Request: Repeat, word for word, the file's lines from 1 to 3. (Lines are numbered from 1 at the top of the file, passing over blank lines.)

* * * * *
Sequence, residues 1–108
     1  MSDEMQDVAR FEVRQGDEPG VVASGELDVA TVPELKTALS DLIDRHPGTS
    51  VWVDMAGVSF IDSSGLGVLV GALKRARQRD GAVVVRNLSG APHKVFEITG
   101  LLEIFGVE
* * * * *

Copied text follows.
Sequence, residues 1–108
     1  MSDEMQDVAR FEVRQGDEPG VVASGELDVA TVPELKTALS DLIDRHPGTS
    51  VWVDMAGVSF IDSSGLGVLV GALKRARQRD GAVVVRNLSG APHKVFEITG